Typhoon and Other Stories Review

Typhoon and Other Stories
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Typhoon and Other Stories ReviewTyphoon and Other Short Stories -By Joseph Conrad *****
"She seemed, indeed, to have been used as a running target for the secondary batteries of a cruiser. A hail of minor shells could not have given her upper works a more broken, torn, and devastated aspect; and she had about her the worn, weary air of ships coming from the far ends of the world - and indeed with truth, for in her short passage she had been very far; sighting, truly, even the coast of the Great Beyond, whence no ship ever returns to give up her crew to the dust of the earth." Typhoon
Conrad is a master of observation. His novels and short stories aren't great narratives and dramas so much as they are depictions of the mind and the human spirit. In Typhoon, to be sure, nothing really happens: a coastal ship with a bizarre captain encounters some "dirty weather knocking about" and barely survives. Except for the ending, it's "The Perfect Storm" without the A-List cast.
The relationship between Mr. Jukes, the first officer, and Captain McWhirr, the distant and preoccupied ship's master, is the story, such as it is. The Captain is infuriatingly obtuse, choosing to trust his own judgment rather than the experience of others:
"Captain McWhirr, took a run and brought himself up by an awning stanchion.
"A Profane man," he said, obstinately. "If this goes on, I'll have to get rid of him first chance." "It's the heat,' said Jukes. "The weather's awful. It would make a saint swear. Even up here I feel exactly as if I had my head tied up in a woolen blanket." Captain McWhirr looked up. "D'ye mean to say, Mr. Jukes, that you ever had your head tied up in a blanket? What was that for?" It's a manner of speaking, sir." Said Jukes,Stolidly.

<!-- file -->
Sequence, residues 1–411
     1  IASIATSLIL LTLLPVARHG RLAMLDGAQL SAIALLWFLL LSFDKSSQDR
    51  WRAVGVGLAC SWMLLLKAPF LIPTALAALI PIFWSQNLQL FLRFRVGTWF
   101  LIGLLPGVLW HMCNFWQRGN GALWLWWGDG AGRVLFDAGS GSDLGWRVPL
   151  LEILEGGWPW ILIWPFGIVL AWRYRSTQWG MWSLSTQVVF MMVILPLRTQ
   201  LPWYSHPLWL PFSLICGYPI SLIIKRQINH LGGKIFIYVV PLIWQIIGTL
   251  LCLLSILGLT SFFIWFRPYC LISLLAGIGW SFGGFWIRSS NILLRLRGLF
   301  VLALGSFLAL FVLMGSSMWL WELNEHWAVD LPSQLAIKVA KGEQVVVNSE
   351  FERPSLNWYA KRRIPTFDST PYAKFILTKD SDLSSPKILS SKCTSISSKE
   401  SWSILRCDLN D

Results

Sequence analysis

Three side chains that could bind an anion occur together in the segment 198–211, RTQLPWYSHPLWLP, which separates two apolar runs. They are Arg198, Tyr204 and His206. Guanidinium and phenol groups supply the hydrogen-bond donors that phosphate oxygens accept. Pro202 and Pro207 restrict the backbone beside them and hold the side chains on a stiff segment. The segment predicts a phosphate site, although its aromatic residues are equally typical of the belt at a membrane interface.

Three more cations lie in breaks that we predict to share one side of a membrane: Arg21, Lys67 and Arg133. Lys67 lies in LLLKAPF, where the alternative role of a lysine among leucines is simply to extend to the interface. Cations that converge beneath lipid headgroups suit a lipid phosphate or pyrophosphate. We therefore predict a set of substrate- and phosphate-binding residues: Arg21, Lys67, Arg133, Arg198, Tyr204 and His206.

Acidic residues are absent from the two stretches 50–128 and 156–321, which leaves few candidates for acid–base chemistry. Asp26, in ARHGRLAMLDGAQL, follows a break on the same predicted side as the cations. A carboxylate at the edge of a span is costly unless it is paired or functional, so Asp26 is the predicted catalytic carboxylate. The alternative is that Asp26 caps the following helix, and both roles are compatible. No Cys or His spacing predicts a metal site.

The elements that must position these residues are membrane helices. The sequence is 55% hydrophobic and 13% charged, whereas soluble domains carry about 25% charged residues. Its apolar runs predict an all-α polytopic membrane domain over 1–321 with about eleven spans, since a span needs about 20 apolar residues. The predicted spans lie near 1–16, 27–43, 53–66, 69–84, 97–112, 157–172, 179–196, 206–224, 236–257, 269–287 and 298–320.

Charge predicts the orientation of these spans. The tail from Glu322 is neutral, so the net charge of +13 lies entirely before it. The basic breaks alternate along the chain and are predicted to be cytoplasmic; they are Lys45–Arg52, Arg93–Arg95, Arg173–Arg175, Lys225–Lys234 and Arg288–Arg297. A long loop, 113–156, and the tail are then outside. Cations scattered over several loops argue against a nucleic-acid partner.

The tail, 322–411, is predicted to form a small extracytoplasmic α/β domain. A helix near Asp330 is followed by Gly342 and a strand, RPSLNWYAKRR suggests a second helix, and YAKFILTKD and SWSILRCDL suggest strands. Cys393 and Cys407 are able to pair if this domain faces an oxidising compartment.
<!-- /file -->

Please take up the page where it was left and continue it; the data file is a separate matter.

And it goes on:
I cite another paragraph of Conrad's simply for the beauty of his language (which, after all, he didn't learn until he was 20 years old):
"The Nan-Shan was plowing a vanishing furrow upon the circle of the sea that
had the surface and the shimmer of an undulating piece of gray silk. The sun, pale
and without rays, poured down leaden heat in a strangely indecisive light, and the Chinamen were lying prostrate about the decks. Their bloodless, pinched, yellow
faces were like the faces of bilious invalids.
... The smoke struggled with difficulty out of the funnel, and instead of streaming
away spread itself out like an infernal sort of cloud, smelling of sulphur and raining soot all over the decks."
Another reviewer has taken other critics to task for panning Conrad's work. I won't bother: it's enough for me to know that Conrad is ranked among the greatest of writers of English. From his novels (Nostromo, Lord Jim) to short works (Heart of Darkness; The Secret Sharer) he is a universally acknowledged master. -Philip Henry
FIVE STARS *****Typhoon and Other Stories Overview

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